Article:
I’m actually super busy at the moment so this will hopefully be a short post. Although it might end up being long a la Mark Twain’s letter.
One of the things keeping me busy at the moment is preparing for the KOTESOL National Conference in Wonju next weekend. My workshop is entitled “Lessons from Behavioral Economics for EFL Teachers” (and you can read the abstract here if you wish). I will touch on some of themes (and add a lot more) I’ve treated on the (currently hibernating) “Teach like Freak” series on this blog. That is not my main focus today or of this blog post, however.
My focus at the moment is on delivering feedback on students’ writing. This particular round of feedback is on end of course projects and I am doing my best to provide whats I think and hope will be meaningful and helpful feedback. A series of thoughts gnawing away at my mind are “What if they don’t read this? What if they don’t care? What if they ‘checked out’ at the end of the course and this feedback is just for me to feel like a diligent professional?” Yet I soldier on. Now I’m wondering if there might some ways to better balance my effort and spend more time on the feedback for those who are interested in reading what I have to say even after the course is finished.
My amazing and earth shattering idea is…wait for it…to ask them. I’m thinking I could ask students how interested they are in the feedback that might be coming. If students say they are very interested in reading it and very interested in taking it on I might recalibrate my feedback machine and give more attention to the work of these particular students.To those students who state their lack of interest I would gladly do the minimum.
I can almost hear and even feel some readers recoil at this idea. Some might say it is not fair and all students should get a balanced amount of feedback and attention from the teacher. And that the teacher should do their best for everyone. I can see that side of it.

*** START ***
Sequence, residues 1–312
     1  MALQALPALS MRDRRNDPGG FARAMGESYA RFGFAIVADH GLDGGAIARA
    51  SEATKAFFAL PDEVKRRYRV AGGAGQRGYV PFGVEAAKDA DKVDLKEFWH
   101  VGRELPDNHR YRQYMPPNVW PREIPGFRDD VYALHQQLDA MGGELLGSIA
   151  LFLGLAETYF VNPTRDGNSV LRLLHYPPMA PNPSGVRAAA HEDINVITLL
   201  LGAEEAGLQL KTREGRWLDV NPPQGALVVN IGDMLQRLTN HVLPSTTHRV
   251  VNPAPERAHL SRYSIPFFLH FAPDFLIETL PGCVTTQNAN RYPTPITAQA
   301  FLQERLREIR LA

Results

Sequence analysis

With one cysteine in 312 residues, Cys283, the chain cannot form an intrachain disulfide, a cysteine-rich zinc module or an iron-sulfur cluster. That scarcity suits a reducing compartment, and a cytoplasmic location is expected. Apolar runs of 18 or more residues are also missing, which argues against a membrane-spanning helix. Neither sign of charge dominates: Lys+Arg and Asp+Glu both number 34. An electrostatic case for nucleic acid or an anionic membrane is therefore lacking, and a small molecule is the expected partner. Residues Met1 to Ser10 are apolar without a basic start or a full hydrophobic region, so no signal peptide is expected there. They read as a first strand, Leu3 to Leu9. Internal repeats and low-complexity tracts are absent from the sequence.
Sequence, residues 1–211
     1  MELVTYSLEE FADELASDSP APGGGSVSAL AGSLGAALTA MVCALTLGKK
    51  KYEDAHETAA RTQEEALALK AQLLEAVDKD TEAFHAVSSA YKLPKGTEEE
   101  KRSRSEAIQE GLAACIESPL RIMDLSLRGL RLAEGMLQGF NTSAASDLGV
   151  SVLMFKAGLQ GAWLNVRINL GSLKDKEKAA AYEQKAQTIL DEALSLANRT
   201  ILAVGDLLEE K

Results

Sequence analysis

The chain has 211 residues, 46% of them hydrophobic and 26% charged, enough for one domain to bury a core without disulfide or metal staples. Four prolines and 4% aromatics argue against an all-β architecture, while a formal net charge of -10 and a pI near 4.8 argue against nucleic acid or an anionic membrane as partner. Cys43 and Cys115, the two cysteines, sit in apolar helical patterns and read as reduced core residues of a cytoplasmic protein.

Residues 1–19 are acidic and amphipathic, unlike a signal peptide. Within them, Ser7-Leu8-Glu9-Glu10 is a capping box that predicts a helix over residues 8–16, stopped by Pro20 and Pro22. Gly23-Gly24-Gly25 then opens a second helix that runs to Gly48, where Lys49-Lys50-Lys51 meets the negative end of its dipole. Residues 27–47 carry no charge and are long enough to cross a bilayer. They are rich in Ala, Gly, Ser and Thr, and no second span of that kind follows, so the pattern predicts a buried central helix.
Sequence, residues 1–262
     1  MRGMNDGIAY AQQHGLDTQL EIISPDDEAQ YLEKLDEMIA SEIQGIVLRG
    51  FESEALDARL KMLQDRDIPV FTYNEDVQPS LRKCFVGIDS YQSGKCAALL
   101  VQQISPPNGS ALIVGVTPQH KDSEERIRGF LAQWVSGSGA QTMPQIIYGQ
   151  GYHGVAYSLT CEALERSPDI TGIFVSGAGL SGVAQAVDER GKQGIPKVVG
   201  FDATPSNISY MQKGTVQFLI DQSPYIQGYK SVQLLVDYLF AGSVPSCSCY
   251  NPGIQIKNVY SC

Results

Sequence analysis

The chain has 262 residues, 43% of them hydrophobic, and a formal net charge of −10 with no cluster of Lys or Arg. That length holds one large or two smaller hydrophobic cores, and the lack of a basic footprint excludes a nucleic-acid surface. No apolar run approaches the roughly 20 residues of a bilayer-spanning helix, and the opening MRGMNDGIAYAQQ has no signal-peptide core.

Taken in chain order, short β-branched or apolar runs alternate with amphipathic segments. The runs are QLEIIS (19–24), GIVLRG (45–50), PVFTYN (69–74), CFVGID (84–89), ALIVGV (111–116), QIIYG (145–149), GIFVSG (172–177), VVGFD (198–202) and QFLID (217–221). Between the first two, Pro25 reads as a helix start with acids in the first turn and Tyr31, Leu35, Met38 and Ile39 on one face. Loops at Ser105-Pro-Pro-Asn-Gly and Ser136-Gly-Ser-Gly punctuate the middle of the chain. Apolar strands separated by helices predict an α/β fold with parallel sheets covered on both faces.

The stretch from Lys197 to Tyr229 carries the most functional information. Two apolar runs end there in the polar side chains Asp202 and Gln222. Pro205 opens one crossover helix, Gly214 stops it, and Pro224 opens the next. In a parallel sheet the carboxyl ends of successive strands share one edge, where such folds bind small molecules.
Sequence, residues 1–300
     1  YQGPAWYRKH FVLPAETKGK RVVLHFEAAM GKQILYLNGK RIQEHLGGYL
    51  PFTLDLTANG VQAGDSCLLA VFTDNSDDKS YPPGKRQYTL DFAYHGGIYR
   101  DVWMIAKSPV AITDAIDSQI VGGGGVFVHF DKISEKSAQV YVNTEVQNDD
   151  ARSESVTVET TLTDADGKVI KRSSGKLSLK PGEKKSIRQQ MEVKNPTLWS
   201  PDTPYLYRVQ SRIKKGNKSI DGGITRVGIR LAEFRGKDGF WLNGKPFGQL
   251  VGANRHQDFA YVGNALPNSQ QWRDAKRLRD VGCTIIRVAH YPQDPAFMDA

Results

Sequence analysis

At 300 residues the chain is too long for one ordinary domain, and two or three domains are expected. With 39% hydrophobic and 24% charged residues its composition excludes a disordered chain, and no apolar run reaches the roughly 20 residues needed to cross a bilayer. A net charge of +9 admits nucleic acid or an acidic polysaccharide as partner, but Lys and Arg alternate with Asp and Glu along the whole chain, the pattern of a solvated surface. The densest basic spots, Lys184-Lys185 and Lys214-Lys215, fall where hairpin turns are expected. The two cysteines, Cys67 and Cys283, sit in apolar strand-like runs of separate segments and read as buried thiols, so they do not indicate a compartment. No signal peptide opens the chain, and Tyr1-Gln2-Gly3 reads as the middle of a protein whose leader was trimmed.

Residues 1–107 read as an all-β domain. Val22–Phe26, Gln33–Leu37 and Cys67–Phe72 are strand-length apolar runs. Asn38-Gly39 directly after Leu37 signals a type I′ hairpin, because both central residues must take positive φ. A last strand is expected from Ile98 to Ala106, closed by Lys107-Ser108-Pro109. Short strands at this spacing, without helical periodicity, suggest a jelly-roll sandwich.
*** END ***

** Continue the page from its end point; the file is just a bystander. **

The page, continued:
The idea of balance or fairness is probably not the main reason I won’t pursue this idea. I’ll probably not do it because my sense is most students would automatically tick the box which says “I want the most and most detailed feedback possible” even if they actually will not spend much time reading and considering the feedback. I think students might make this choice because they think it’s what students should do and wouldn’t want to hurt the teacher’s feelings. They also might be optimistic in thinking they will take on the feedback but might change their mind when it comes.
Another thought bouncing around for me is if students were asked to make a statement on how much they want the feedback it might have a spillover effect on how deeply they consider the feedback. My guess is if students say they want feedback it might end up being more meaningful to because the students already stated this. Just a thought, really.
I guess what I’d be interested in (in general and not just in the one instance described above) is asking students to take one small step to prove they are interested in the feedback (and honestly if they are not, that’s no problem at all) then making my decisions and time and energy allocations from there.
Come to think of it, I guess I have played around with similar ideas in the past. In a previous course I asked students to email me if they wanted my feedback on their presentations. Since it was a course on professional communications I thought the extra email practice was a good selling point. If I recall correctly, I got a feedback request on around 60% of presentations. It was fine from me and I didn’t lose any sleep over students not asking and I am sure they didn’t lose much from not getting my feedback. I had my notes ready to go even a few weeks later if they suddenly got curious. Only a few students asked for feedback every time. I think this is in and of itself interesting, just to see how how often students would take the opportunity to ask for written feedback.
Some might think I was shirking my duties but I’d argue I was just trying to meet my students’ needs as students saw them. I’d also mention there was lots of feedback swirling around the course (including peer and self-assessment and teacher feedback on spoken and written tasks) Of course some students might have been to shy to email and thus missed out on the feedback on the presentations and the opportunity to practice writing requests.
I think I can see some shades of Do Nothing Teaching (per Kevin Giddens) here. Maybe instead of providing feedback and doing stuff the default mode for teachers could be more like doing nothing until something is needed or asked for. This might help ensure the feedback falls on willing ears.
I will never do this (and certainly not this round) but it is fun to think about.